>[EDIT] except I prefer Noise Ninja most of the time, and Noiseware in a few cases.
I've discussed this matter with Gordon on another thread, but a few points are worth repeating here. On page 157 of his Image Sharpening with Adobe Photoshop PSCS2, Bruce Fraser states, "Always do noise reduction before sharpening. If you sharpen, you'll almost certainly make the noise worse; the noise reduction tool will have to work harder, and will probably wipe out the sharpening you did anyway."
Most noise reduction tools do not eliminate noise but merely make it less visible. When you sharpen after noise reduction, some or much of the noise may reappear. If you do the sharpening first, this problem is eliminated, but the effect of your sharpening may also be wiped out.
Sharpening and noise reduction are basically inverse processes and work against another. Some of these problems may be eased with the use of masks. You can use a surface mask during noise reduction to help confine the NR to smooth areas where the noise is most noticeable and keep the NR away from the edges where sharpness would suffer. Similarly, you can use an edge mask during sharpening to help confine the sharpening to the edges.
That said, Noise Ninja can work reasonably well on JPEG images that have been sharpened in camera as they often are. In this case, one has to use a different noise profile for the best results.
Thanks, Bill. That other thread seemed to have died so I thought to cast a larger net. Actually, I'm hoping for some sort of response from Adobe. Even if the answer is intuitively obvious, it's a legitimate question and I sincerely want an answer and explanation.
Read your own post again, Bill.
No matter which you perform first, sharpening or noise reduction, the second procedure is bound to counteract the first one to a certain degree.
There's nothing wrong with using ACR to apply capture sharpening, then Noiseware or Noise Ninja to remove noise, and finally your preferred method of output sharpening.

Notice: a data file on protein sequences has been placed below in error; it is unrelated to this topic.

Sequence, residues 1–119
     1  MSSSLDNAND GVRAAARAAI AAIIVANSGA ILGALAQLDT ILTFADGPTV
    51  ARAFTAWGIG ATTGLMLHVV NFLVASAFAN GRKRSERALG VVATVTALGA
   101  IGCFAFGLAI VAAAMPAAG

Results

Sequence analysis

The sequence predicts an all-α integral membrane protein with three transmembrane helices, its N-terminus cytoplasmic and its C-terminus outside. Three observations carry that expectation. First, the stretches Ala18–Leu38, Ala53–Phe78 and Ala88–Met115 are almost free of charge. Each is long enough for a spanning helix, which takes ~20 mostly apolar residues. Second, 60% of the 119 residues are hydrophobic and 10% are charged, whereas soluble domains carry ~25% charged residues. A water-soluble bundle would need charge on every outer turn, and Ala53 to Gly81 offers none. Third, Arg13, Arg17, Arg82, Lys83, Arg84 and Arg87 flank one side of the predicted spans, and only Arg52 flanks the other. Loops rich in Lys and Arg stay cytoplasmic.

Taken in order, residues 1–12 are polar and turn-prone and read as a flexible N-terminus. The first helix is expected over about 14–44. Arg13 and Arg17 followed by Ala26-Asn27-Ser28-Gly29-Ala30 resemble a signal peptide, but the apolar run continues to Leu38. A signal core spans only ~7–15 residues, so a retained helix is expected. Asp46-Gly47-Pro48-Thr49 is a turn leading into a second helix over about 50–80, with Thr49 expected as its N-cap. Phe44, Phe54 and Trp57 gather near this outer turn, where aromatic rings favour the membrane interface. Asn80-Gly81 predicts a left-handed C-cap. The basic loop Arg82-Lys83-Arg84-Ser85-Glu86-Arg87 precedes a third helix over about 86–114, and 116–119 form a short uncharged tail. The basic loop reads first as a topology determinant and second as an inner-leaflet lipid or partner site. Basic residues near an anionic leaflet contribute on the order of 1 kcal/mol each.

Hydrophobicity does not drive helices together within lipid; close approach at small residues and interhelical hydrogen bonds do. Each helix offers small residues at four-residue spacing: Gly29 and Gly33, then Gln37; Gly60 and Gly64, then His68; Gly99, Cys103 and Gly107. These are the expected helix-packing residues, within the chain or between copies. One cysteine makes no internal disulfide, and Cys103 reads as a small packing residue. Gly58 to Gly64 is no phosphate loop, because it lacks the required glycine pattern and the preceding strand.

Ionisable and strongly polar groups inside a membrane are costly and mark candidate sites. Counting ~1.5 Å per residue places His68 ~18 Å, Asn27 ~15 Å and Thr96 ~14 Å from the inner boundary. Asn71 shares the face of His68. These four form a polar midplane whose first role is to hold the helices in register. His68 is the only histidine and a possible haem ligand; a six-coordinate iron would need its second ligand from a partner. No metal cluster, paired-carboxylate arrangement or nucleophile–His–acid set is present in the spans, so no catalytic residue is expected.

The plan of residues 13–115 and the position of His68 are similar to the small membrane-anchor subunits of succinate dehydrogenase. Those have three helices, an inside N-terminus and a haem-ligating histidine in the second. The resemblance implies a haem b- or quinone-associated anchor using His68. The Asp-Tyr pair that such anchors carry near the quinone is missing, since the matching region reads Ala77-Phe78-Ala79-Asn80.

It's simply a matter of choice.
I finally downloaded the trial version of CS3 and ACR 4.0. Nothing changed in detailed texture rendering using ACR's sharpening between ACR 3.7 and 4.0 on a 6MP Raw Pentax PEF file I use. Color stayed the same as well. Test PEF file is viewed at 200%.
Updated to ACR 4.4.1 and the texture detail got worse. Now resembles the cartoonish posterized flattening of texture almost exactly like Pentax Photo Lab which is unuseable for other reasons not related to image quality.
I can get better rendering by leaving sharpening at ACR's default setting in versions 3.7-4.0 and applying Smart Sharpening on the 16bit tiff file. But I have to turn sharpening completely off and use Smart Sharpening in ACR 4.4.1 to get close but not exactly the same results as Raw Developer.
I turned noise reduction and smoothing of any kind off in all Raw converters when doing a comparison test. Raw Developer is the best at rendering fine detail using its Hybrid sharpening settings. These texture detail anomalies can only be seen at 200% view BTW.
Other than that ACR trumps all in color accuracy to scene as seen by the eye and also in color control. The orange-ish reds and fleshtones shot under direct sunlight are an easy fix in all versions of ACR.